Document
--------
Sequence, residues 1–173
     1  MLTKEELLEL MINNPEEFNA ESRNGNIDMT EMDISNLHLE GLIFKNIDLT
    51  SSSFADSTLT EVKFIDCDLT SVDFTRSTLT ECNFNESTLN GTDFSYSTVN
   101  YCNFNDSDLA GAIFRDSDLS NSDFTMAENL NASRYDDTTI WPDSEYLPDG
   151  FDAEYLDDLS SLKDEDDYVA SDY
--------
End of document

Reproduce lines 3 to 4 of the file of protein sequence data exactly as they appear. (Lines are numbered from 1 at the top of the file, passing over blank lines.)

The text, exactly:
    51  SSSFADSTLT EVKFIDCDLT SVDFTRSTLT ECNFNESTLN GTDFSYSTVN
   101  YCNFNDSDLA GAIFRDSDLS NSDFTMAENL NASRYDDTTI WPDSEYLPDG